Railway Age: Short Line and Regional Marketing Advocate
September 1998


magine that three years ago you acquired a rail line which had not seen any freight traffic to speak for nine years until you came along. Today customers who had stayed with the railroad are breaking down the doors wanting more. Customers who left the railroad for dead are coming back in droves. And folks who never gave trains a second thought want to do business.

Imagine also that freight cars are in tight supply and that your locomotive fleet is can't keep up with the traffic growth. To cap things off, imagine you share your track with a busy passenger franchise and the government is doing everything in its power to discourage highway use by cars and trucks alike. Do you welcome this state of affairs or is it a nightmare?

Rail freight is
back, come and
get it," Ed
Burkhardt is
telling customers.
And come they have.

To Randy Henke, Marketing Director for the English Welsh & Scottish Railway (EWS), it's definitely a welcome sight. EWS, you will recall, is the Great Britain arm of the Wisconsin Central (WC), and in this first half of 1998 has contributed $13.5 mm equity income -- a third of the WC corporate total. To find out what's up and what's ahead, I spent an afternoon with Randy in his London offices and got quite an earful.

EWS had $855 mm in revenues last year, up 15% from the year before, as it converted (to quote the WC annual report) "from a government-owned railway to a privately-owned, market-based transportation provider." The company operates about 6,000 trains a week and moves about 100 million tons of freight a year. Do the arithmetic and you get only about 320 tons per train. Is there anything wrong with this picture?

Not when you consider that the average haul is 76 miles and that 26 cars (wagons in GB; passenger cars are carriages) is a big train. Moreover, car cycles are measured in turns per week and in some cases turns per day. Coal is the big commodity, accounting for 26% of the total, yet in some markets the trains get five turns a day, which does wonders for the OR. The other major commodities are metals (13%-- British Steel is the biggest customer and growing), construction materials (13%) and petroleum (8%).

A whopping 20% comes from the biggest EWS customer of all, RailTrack, which is also a principal vendor to EWS. RailTrack, you see, owns all the rights-of-way EWS uses to move its freight, and has to apportion slots (timetable "white space," Henke calls it) not only to EWS but also to the 20-plus passenger operating companies covering Great Britain.

RailTrack has the dubious honor of sandwiching 25,000 daily trains onto about 11,000 route miles of track (roughly the size of Conrail). Yet here comes the government and its first ever "transportation white paper," issued July 22, 1998, which created a new regulatory body, the "Strategic Rail Authority" to take over what Financial Times says is the "responsibility for all passenger and freight rail transport." EWS has but a 6% market share of the GB freight market and hopes to get 20% in three years. The challenge is clearly to find the white space and equipment to do it. There's $500 mm in the budget for additional track, so there's a start. As for the rest?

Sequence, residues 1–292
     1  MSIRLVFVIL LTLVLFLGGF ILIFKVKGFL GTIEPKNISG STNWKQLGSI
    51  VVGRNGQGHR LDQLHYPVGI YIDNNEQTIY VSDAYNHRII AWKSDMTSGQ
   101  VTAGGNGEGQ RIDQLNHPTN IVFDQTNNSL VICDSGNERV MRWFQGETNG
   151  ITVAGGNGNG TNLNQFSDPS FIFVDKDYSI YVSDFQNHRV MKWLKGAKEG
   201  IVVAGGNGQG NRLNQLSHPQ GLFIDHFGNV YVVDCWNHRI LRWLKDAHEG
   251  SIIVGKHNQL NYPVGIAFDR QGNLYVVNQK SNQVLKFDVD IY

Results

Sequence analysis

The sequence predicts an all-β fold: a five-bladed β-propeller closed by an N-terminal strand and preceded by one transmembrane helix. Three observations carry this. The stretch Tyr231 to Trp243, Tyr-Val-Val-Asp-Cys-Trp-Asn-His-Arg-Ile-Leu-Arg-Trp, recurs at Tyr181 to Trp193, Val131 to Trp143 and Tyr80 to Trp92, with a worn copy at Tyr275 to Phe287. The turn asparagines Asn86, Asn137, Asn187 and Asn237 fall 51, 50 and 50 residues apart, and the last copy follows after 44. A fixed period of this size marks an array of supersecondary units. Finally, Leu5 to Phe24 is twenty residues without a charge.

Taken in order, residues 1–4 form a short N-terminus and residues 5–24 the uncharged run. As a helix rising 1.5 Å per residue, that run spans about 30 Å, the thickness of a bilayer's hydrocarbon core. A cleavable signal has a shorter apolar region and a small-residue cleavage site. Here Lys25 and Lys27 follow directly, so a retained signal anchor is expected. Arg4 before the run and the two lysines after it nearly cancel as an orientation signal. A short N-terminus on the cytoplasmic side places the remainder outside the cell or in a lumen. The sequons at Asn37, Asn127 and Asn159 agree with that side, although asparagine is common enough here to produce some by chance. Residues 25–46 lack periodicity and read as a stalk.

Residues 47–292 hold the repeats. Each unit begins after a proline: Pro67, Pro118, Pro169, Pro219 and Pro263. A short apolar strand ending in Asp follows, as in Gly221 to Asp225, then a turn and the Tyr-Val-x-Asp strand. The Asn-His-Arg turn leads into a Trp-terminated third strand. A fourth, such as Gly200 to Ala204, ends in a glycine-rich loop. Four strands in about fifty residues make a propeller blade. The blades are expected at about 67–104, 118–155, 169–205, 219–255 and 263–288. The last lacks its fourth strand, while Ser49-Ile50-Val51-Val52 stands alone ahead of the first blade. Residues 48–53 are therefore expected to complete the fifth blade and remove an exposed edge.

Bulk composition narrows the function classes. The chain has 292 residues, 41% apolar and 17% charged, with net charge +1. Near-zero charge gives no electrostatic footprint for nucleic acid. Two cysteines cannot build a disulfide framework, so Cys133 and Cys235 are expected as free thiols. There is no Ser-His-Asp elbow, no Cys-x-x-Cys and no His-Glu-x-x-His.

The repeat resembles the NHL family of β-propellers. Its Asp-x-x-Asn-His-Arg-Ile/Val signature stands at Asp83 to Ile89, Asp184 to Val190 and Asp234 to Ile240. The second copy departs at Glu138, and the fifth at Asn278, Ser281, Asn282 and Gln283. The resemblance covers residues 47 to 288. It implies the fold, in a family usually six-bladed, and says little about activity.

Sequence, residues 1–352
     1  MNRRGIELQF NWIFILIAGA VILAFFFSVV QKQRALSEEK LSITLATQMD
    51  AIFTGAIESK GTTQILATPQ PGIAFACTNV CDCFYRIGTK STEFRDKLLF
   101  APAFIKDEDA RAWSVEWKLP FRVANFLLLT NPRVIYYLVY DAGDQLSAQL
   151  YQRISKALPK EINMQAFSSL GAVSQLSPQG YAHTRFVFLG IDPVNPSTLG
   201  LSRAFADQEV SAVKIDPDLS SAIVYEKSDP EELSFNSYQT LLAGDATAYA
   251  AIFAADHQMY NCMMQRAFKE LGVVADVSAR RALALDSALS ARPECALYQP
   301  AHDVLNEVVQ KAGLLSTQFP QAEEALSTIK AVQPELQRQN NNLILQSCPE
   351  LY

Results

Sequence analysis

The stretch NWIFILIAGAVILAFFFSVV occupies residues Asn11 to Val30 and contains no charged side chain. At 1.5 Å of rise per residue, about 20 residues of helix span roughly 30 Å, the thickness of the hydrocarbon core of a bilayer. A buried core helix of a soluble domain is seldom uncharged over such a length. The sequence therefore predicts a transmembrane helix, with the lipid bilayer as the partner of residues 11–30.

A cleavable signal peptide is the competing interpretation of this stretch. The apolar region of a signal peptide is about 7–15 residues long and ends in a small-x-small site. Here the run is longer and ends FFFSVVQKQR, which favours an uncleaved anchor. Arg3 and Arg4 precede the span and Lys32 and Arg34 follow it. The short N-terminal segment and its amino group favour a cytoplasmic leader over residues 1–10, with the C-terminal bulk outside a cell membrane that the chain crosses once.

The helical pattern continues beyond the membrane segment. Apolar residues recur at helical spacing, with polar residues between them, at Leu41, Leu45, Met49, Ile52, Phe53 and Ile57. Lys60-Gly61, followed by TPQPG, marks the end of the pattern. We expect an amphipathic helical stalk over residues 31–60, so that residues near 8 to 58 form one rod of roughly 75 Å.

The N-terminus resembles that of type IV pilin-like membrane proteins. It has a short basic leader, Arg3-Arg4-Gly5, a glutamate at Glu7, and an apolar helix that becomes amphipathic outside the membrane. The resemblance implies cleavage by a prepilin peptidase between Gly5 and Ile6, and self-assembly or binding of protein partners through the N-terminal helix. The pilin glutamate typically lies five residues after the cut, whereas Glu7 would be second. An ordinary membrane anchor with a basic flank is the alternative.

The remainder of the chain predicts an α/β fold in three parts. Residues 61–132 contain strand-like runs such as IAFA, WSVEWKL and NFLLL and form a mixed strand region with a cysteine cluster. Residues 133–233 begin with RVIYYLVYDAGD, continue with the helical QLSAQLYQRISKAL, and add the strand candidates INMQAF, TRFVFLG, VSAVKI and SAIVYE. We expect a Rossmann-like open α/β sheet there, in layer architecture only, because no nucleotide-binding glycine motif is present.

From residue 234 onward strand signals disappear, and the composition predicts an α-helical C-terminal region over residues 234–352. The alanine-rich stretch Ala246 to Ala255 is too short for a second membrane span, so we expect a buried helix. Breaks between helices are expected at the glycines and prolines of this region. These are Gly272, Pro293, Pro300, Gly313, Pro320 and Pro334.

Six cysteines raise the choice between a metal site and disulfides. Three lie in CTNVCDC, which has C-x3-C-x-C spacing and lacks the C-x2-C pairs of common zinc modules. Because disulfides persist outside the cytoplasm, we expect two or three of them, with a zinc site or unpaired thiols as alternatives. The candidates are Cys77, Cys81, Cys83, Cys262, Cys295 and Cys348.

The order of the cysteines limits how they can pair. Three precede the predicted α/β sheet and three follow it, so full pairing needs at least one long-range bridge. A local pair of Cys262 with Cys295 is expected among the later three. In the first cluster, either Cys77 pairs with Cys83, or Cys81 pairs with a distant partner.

Back to basics, says Henke. First, equipment. With wagons costing three times what they do in the US, clearly a new supplier was needed. Thrall Car came to the rescue, acquiring the former York Coach Works plant in the city of the same name, committing to build 2,500 wagons in five years. Moreover, General Motors is supplying 250 six-wheel-truck units similar to the SD-70 and capable of 75 mph.

Second, customers. Recall that by 1991 British Rail had pretty much run off the freight business save for some big unit train customers. BR also laid down the law and said shippers had to provide their own wagons, further discouraging non-unit train customers. Locomotives died, wagons decayed, and yards dried up.

Now comes Ed Burkardt and his merry band to say, "Not so fast; rail freight is back. Come and get it." And come they have. Henke's first priority is to build back the business of the stalwarts who stayed the course of BR's neglect. That includes the bulk coal and petroleum shippers, the aggregates crowd, and of course RailTrack.

Next come the former rail customer who knew a good thing when they had it, but who were forced to leave the rails a decade ago. That includes shippers like Super Drug, moving goods wagons from Scotland to its London distribution center overnight: an 1800 cut-off and an 0600 availability the next day. Then comes new business. Forest products from Scotland loom large here. And it includes Chunnel traffic to and from the continent, an opportunity whose potential has barely been touched.

The stakes are worth it, too. A one-percent share of Great Britain's current market is worth about $143 mm. EWS has six percent at the $855 mm above; achieving the 20% goal means revenues of $2.8 billion. Would you invest in a company with the potential to triple its revenue base in three years? Would you buy new cars if you could turn them at worst five times a week? How about the horsepower to pull them? And would you buy a railroad with no rails? I would. Because back to basics works.

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